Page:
Role of lifestyle modifications in Polycystic ovarian Syndrome
By Sufora Yaseen —
Polycystic ovary syndrome is the commonest endocrine disorder in women which was first described in 1935 by American gynecologists Irving F. Stein, Sr. and Michael L. Leventhal, from whom its original name of Stein–Leventhalsyndrome is taken.Polycystic ovarian syndrome (PCOS) is a problem with hormones that affects a woman during their child bearing years (ages 15 to 44) and typically presents during adolescence. Between 2.2 and 26.7 percent of women in this age group have PCOS.
PCOS affects a women’s ovaries, the reproductive organs that produce estrogen and progesterone- hormones that regulate the menstrual cycle. In PCOS, many small, fluid filled sacs grow inside ovaries. Hence the word “Polycystic” means “many cysts”. The sacs are actually follicles, each one containing immature egg. The egg never matures enough to trigger ovulation. The lack of ovulation alters levels of estrogen, progesterone, FSH, and LH. Estrogen and progesterone levels are lower than usual, while androgen levels are higher than usual.A study conducted by the department of endocrinology and metabolism, AIIMS, shows that about 20-25 per cent of Indian women of childbearing age are suffering from PCOS. While 60 per cent of women with PCOS are obese, 35-50 per cent have a fatty liver. About 70 per cent have insulin resistance, 60-70 per cent have high level of androgen and 40-60 per cent have glucose intolerance.
PCOS is due to a combination of genetic and environmental factors. Risk factors include obesity, not enough physical exercise, and a family history of someone with the condition.
Lifestyle modification is the first line of treatment for PCOS patients because weight loss, and the prevention of weight gain, are vital to the improvement of PCOS symptoms, and a better quality of life. Lifestyle modification should take precedence regardless of whether a patient is lean, obese, taking medications, or not.
VARIOUS LIFESTYLE MODIFICATIONS INCLUDES:
1. Balance Your Daily Intake of Protein & Carbohydrates
Eating equal amounts of protein and carbohydrates assists in keeping your insulin levels even, therefore maintaining a healthy balance of hormones.
Try to consume only wholegrain or sprouted grain products as they naturally contain more protein and fiber than their processed equivalents.
Fiber is another important element that assists in managing PCOS, as it slows the digestion of sugars within the body. This reduces the severity of a spike in insulin and promotes healthy estrogen metabolism, which assists in lowering androgen levels.
Some of the best sources of fiber include broccoli, celery, leafy greens, apples, and whole grains.
Avoid heavily processed carbohydrates such as white flour and white rice as these causes a spike in insulin levels, while providing almost no nutrient value.
2. Eat and Drink Wisely
In balancing your protein and carbohydrate intake, it’s also important to consume only organic animal proteins whenever possible, as commercial products are high in added growth hormones (estrogens).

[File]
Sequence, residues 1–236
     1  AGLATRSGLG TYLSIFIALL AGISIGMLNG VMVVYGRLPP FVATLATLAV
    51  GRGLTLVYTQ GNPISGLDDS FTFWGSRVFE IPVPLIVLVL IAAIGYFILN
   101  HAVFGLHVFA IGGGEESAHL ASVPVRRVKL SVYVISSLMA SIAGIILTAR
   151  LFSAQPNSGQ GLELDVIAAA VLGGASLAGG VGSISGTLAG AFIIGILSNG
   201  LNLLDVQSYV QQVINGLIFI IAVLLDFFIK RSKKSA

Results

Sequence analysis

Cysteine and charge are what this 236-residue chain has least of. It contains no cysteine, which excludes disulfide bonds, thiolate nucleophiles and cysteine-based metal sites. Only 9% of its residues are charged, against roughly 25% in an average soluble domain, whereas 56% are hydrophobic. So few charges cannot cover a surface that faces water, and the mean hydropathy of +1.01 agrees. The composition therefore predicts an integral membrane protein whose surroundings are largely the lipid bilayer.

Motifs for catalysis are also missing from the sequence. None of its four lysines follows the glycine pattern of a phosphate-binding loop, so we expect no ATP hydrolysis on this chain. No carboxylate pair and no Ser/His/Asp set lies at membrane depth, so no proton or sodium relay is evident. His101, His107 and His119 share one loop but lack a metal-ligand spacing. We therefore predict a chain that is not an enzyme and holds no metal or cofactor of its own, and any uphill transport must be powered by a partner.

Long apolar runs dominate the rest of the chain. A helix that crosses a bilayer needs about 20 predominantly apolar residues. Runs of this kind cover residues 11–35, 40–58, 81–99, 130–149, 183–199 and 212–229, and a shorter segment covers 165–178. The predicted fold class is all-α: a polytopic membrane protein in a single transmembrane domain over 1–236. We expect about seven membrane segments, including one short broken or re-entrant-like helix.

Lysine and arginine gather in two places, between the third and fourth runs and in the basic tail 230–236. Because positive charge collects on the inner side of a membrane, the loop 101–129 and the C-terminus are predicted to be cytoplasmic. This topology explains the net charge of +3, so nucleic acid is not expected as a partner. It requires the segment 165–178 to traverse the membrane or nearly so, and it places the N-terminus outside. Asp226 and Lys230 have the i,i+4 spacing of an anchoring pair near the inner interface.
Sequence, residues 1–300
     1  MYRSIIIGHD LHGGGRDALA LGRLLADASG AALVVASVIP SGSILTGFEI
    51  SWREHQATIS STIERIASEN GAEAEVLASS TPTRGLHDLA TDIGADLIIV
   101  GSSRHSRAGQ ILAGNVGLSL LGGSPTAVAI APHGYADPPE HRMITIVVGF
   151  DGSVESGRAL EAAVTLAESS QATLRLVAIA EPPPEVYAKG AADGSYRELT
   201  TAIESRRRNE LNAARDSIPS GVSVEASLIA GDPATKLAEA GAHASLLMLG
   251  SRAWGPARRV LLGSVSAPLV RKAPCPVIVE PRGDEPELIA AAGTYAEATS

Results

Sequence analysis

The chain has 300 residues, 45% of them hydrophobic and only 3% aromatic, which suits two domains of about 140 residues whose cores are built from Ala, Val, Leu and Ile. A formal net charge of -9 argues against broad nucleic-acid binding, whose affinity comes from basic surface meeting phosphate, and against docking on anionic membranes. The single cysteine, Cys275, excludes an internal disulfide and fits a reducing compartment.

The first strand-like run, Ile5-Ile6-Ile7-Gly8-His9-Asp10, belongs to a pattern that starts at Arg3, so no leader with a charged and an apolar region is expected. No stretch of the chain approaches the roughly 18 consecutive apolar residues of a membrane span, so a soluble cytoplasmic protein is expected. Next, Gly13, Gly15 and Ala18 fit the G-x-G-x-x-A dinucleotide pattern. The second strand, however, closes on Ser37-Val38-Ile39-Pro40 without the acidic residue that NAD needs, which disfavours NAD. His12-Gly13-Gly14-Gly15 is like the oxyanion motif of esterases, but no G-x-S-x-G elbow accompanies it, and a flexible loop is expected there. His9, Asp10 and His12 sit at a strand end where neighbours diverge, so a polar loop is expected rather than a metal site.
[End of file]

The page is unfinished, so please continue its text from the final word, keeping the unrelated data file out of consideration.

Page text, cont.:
This can be very damaging if you’re suffering from PCOS as it will disrupt the balance between estrogen and progesterone in your body.
Endocrine-disrupting chemicals (EDCs) describe a combination of widespread pollutants often found in food products that have been transported in plastic containers or wraps.
EDC’s are currently being investigated as possible contributors to PCOS after strong evidence from in vitro and animal studies showed them to be capable of causing ovarian symptoms similar to those that occur with PCOS.
3. Eat Low-GI Foods
Low glycemic index (GI) foods are carbohydrates that are absorbed into the body slowly and therefore don’t result in such a dramatic spike and subsequent drop in insulin levels.
By decreasing the amounts of high-GI foods that cause sugar spikes, such as refined sugars, white bread, simple starches and processed foods, your blood sugars will be kept in balance which will result in less extreme cravings and mood swings.
Furthermore, androgens are stimulated by high blood sugar, so a low-GI diet will help to keep them in check.
4. Stay Active & Fit
Exercise is an important component in treating PCOS as it improves insulin sensitivity, enhances metabolism and helps to shed any excess weight which might come about as a result of hormone imbalances.
Try brisk walks, gentle weight lifting, yoga, or Pilates. The optimal amount of exercise to aim for is 30 minutes per day for 5 days each week.
Be sure to avoid overdoing the intensity of your workouts, as too much exercise can overload the adrenal glands which may increase inflammation and irritate your PCOS further.
5. Take It Easy On The Coffee
Some health experts believe that caffeine can intensify PCOS.
A study reported in Journal Fertility and Sterility (Mar 29 2016) shows that drinking two cups of coffee a day increases levels of estradiol, a natural estrogen, while drinking 4 – 5 cups of coffee a day produces 70% more estrogen in the follicular phase of a woman’s menstrual cycle.
This has the potential to substantially affect hormonal balance.
Polycystic ovarian syndrome can be a painful and discouraging condition to deal with, but with the right attitude, an active lifestyle and a wholesome diet, you can minimize its severity and continue to live a vibrant, happy life!
(The author is Tutor (Obstetrics & Gynaecological Nursing) at Government College of Nursing GMC Srinagar. Feeback at [email protected])